20 Phrases That Kill Ideas and Innovation
When it comes to innovation and sharing our creative ideas at work, we all know to be wary of negative bosses and co-workers who shoot down every idea. These people can be a deterrent to change and innovation, but if we’re persistent we learn how to go around them to get things done.
The real people to be wary of are the ones who seem like they’re open to new ideas, but always have some reason the idea won’t work or shouldn’t be implemented yet. They are masters of “killer phrases” that masquerade as knowledge or experience, but many times are not justified and simply stand in the way of progress.
Look out for killer phrases that start with “That’s a good idea, but…”
- It’s against company policy
- It’s not practical
- It’s not necessary
- We don’t have the resources
- It will cost too much
- We’ve never done it that way
- Our customers (or vendors) won’t like it
- It needs more study
- It’s not part of your job
- Let’s make a survey first
- Let’s sit on it for a while
- That’s not our problem
- The boss won’t go for it
- The old timers won’t use it
- It’s too hard to administer
- Why hasn’t someone else suggested it before?
- Let’s form a committee
- We should wait until the economy improves
- Who else has tried it?
- Is it best practice?
When you are hit with one of these killer phrases, see if you can get to the bottom of it. Is the person simply afraid of change, or do they have data to back up their objection? Has something similar been tried in the past? If so, why did it fail?
In some cases, it might be the idea itself really is too ambitious or costly or outrageous (not a bad thing, by any means). Instead of taking no for an answer, work to “decompose” the idea into smaller parts. Just as an egg has a shell, a membrane, a white part and a yolk, most ideas have layers upon layers of creativity that can be redesigned, repurposed, reshaped, repackaged, reassembled or reconstructed into a viable idea that can be acted on.
When you know how to decompose an idea into its useful parts, you have a powerful defense against killer phrases and the people who wield them.
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Kamal Hassan is President and CEO of Innovation 360 Institute, and is responsible for leading the company’s global operations and customer acquisition.
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Yes, indeed. I see these all the time — everywhere I go. Here’s a related phenomenon https://tinyurl.com/mxmpjb
And your bit about “decomposing an idea” reminds me of an old joke: “What is Mozart doing these days? Decomposing.”
I particularly dislike #6. It seems to shut down all possibility of discussion just because a new idea has been introduced.
Your thought about “decomposing” ideas is a very helpful one, and I think would also encourage both collaboration and compromise.
I’m adding the followings:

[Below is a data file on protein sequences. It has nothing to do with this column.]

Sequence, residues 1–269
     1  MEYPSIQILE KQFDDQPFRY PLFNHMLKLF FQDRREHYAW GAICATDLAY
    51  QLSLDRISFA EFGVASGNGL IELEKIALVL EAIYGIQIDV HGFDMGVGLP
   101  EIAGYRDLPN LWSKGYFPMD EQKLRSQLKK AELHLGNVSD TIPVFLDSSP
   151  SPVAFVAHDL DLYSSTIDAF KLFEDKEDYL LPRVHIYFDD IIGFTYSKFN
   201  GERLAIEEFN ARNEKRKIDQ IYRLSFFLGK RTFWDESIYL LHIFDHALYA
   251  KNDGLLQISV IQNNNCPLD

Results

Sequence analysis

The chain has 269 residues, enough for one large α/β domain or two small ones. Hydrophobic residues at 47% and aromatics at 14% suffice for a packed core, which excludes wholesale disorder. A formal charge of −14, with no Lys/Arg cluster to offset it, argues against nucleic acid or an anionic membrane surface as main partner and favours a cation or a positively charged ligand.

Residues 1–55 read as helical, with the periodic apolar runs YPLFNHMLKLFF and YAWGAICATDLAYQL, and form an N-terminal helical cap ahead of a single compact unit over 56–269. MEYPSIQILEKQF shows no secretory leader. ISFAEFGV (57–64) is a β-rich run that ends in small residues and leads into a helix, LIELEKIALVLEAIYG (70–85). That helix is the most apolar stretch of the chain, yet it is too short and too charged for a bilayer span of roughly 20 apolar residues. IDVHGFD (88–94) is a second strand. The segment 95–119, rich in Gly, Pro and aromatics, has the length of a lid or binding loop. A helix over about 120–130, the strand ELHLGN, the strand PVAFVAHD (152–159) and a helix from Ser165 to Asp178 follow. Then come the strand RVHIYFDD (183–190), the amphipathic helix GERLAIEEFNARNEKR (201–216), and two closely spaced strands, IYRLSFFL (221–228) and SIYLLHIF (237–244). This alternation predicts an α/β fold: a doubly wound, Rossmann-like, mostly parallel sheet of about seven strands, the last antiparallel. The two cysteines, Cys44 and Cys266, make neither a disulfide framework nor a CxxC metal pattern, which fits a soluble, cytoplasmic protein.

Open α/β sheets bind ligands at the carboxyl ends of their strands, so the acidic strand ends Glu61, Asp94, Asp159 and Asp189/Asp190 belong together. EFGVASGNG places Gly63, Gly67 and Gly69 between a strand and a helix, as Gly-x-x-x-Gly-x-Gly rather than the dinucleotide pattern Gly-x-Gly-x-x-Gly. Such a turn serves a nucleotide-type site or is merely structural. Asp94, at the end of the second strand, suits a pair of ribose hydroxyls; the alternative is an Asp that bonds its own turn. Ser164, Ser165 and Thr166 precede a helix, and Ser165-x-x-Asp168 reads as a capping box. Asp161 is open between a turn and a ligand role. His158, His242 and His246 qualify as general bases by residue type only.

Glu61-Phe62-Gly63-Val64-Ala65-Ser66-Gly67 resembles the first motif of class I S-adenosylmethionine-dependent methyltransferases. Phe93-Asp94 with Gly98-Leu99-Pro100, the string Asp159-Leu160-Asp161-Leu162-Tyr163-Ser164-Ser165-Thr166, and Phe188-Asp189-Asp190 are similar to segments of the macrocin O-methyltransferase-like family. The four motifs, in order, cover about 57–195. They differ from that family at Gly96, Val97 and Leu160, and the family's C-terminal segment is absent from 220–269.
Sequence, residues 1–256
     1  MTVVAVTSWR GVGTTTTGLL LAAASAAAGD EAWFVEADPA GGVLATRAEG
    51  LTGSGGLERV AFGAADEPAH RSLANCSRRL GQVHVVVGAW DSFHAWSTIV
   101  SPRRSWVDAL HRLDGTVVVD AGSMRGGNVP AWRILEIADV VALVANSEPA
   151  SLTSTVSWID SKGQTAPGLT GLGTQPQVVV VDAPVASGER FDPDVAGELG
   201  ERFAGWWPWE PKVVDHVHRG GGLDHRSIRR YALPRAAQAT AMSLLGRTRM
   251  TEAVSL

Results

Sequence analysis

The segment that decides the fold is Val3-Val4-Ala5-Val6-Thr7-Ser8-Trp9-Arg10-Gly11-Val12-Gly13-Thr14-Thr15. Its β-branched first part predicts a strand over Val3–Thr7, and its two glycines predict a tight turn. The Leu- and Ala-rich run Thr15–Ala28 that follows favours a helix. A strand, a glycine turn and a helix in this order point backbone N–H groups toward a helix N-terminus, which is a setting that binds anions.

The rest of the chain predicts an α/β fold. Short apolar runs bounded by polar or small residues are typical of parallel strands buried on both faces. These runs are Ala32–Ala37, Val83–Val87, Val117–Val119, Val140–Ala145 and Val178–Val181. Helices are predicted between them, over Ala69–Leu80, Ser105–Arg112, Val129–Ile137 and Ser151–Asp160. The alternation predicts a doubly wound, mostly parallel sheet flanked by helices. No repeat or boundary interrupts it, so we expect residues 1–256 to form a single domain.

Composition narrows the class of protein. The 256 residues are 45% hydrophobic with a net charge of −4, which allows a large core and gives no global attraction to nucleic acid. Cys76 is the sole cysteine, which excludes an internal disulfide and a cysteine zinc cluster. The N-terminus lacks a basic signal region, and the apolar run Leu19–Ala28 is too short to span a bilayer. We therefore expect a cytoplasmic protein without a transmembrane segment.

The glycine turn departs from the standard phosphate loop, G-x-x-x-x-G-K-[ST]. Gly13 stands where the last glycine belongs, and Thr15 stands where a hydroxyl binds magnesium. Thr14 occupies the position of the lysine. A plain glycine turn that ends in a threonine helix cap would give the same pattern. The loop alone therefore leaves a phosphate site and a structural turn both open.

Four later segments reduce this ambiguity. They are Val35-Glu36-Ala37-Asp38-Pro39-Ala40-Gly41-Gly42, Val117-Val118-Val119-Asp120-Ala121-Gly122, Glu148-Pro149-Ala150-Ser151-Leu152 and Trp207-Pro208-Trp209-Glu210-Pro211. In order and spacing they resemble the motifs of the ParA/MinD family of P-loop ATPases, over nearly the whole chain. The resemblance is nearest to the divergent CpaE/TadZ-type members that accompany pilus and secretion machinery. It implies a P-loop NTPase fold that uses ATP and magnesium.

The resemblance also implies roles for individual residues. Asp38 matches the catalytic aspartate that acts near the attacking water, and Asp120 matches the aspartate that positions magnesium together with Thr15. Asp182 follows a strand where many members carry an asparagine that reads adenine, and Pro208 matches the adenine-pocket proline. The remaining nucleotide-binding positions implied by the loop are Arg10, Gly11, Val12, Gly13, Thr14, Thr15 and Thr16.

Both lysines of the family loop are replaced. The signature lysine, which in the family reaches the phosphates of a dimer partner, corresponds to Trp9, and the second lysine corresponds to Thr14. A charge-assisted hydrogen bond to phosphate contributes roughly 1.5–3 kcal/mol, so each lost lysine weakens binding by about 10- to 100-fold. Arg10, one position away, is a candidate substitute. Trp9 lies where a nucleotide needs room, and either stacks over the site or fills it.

#Don’t you think we’ve never thought something like that before?
or in other words
#Yes, good idea but we have already thought something like that in the past.
I particulary like #19 and #20.
I recently was contacted by BP about a possible solution I submitted to collecting crude oil from their blow out in the Gulf. It seems that they felt that I wasn’t qualified to even have an opinion about the problem because I didn’t work in the industry. But I did contact a Texas company that is now going to use my Air Curtain idea to bring the crude to the surface where it can be easily skimmed as a froth. The froth is then picked up by a contineous floating fabric belt that feeds around a anchored wheel at one end along a beach and is wrung out betwee rollers at the far end. The water content of the collected hydrocarbons appears to be less than 10%. I wasn’t looking to get rich off of this idea anyway. I only wanted to help.
I would like to add something:
A real TEAM WORK kills many of these phrases. Creating or keeping focus will always deliver executable solutions.
Many of the above stated phrases seem really familiar to me…
Whenever a solution is proposed to a client company, it could be helpfull to add phrases like:
– Similar solutions are already being used in other departments in your organization.
– You biggest competitor uses a similar solution and has the following results …
– This type of solutions is typically used by entrepreneurs, like …
The comparison should of course be realistic and truth (similar cases can always be found). Using the above stated phrases/excuses will get harder in this situation because they imply disqualification of the speaker, his department or organization.
What would be the 20 one-liners that would counter these statements? and hopefully lead to a ‘resurrection’ of the idea and more open discussion??
Your article is helpful and inspiring.
Small suggestion: I hope you will not be offended if I suggest that you may wish to change the word “decompose” to “deconstruct.” The latter word actually fits the context of what you are conveying. I know the two are sometimes used interchangeably; but “decompose” typically refers to something organic rotting; so even if it is used in a more logical fashion (ie. to reverse-construct), that is actually a more creative interpretation to the word’s main definition. “Deconstruct” immediately encompasses that which you aim to convey, without the possibility of bringing to reader’s minds the strong and unwanted meanings of the other word.
I hope my suggestion is not offensive, for it is well meant. I still think your article is brilliant and helpful. Companies die from a failure to generate fresh vision and new direction. Thank you for both highlighting job inspiration-killers, and putting it all in perspective so we can persevere with ingenuity!